|For $8.89 at Costco, this is a solid California red blend, and a slight step above my expectations. At this price it really is a bargain, especially if you compare to a wine like the super popular Apothic Red, which again is a fantastic bargain for $8 at Costco, but I might like this Bogle blend a tad better.
A spicy floral nose leads into a soft, rich flavor packed wine. The varietals are Zinfandel, Syrah, Cabernet Sauvignon and Petite Sirah, and they’ve assembled the blend perfectly. Good ripe fruit, lots of red fruit flavor with a semi-dry finish that brings a little spice. Feels wonderful in the mouth.
This is a fun little wine the more you jump into it. I had Bogle’s Phantom blend at a dinner party a few months back and remember liking it. This one is right there, and I’m sure a lot less expensive. This is a very good buy.
CostcoWineBlog.com Rating: 88 Points
|Anytime I see a new Spanish wine at Costco I’m immediately intrigued (especially at 15.5% alc). Among the pallets and pallets of wine was this unassuming, under the radar Spanish blend going for $11.99.
This wine is 40% Mazuelo, 40% Syrah, and 20% Garnacha. Mazuelo is the name used for Carignan in the Rioja region of northern Spain. It’s also the third most planted varietal in Spain. Because of it’s strong acidity it’s most often used as a blending grape. The nose gives off an aroma of fruit and acidity. I was surprised that after a few minutes of air how the garnacha started to show itself and complement the strong acidity. In between the Syrah was well represented carrying the fruit through to a short, chalky finish. Overall, I was pleasantly surprised at the blend of these grapes.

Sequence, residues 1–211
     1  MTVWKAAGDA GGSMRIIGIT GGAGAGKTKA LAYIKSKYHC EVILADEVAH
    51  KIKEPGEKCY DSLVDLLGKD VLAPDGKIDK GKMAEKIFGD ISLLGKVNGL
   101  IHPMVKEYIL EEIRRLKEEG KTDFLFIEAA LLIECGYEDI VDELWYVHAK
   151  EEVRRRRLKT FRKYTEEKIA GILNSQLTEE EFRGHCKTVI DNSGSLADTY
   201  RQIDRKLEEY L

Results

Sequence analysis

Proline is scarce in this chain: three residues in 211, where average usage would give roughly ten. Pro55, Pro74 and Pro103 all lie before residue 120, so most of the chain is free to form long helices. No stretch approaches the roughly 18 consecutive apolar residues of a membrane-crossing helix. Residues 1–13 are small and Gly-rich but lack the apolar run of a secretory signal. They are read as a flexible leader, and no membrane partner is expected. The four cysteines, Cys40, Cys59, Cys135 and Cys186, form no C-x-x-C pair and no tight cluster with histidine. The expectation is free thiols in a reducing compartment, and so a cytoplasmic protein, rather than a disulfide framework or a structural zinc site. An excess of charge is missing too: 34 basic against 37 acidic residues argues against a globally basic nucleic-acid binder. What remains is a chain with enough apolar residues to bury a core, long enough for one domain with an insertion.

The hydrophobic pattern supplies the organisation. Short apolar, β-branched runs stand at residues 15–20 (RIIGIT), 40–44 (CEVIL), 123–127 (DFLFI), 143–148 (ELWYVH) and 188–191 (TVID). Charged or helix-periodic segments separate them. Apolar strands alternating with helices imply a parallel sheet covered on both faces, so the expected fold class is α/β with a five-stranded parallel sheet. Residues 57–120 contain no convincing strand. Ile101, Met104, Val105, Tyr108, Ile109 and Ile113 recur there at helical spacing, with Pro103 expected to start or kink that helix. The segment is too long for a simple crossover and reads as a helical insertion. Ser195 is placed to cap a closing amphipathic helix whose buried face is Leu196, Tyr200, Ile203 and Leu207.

I’m curious to see what a little less Mazuelo and a little more Garnacha would do to this wine. Maybe next year…
|This is a rather simple, but very drinkable and enjoyable $10 Zin. I like this one particularly because it could be served with just about any type of food. Many Zins fit that bill, but this wine can truly cover the spectrum. I enjoyed it with a grilled chicken salad, but it could hold up just fine with steak, hamburgers, or pizza (or the just passed Thanksgiving meal).
The nose gets peppery enough to make you almost sneeze. In the mouth this wine is smooth as silk, medium in body, light and fluffy, soft tannins, with nice red berry flavors, a little tobacco/cigar box toward the close, and a good peppery spice on the finish. Nice job on this one for $10.
CostcoWineBlog.com Rating: 88 Points
Costco item number: 245513
I’m not embarrassed about liking Merlot, even though I risk being excommunicated by some of my brethren. As the French have proven, merlot at its best is the best. (check out the Petrus Pomerol, if you’ve got a $3,000 laying around) Yes, California wineries abused this versatile grape in the 80s and 90s and Sideways drove a stake in its heart in 2004. But merlot is a beautifully supple grape that balances beautifully and can transform a modest meal into a succulent supper….if it is well done.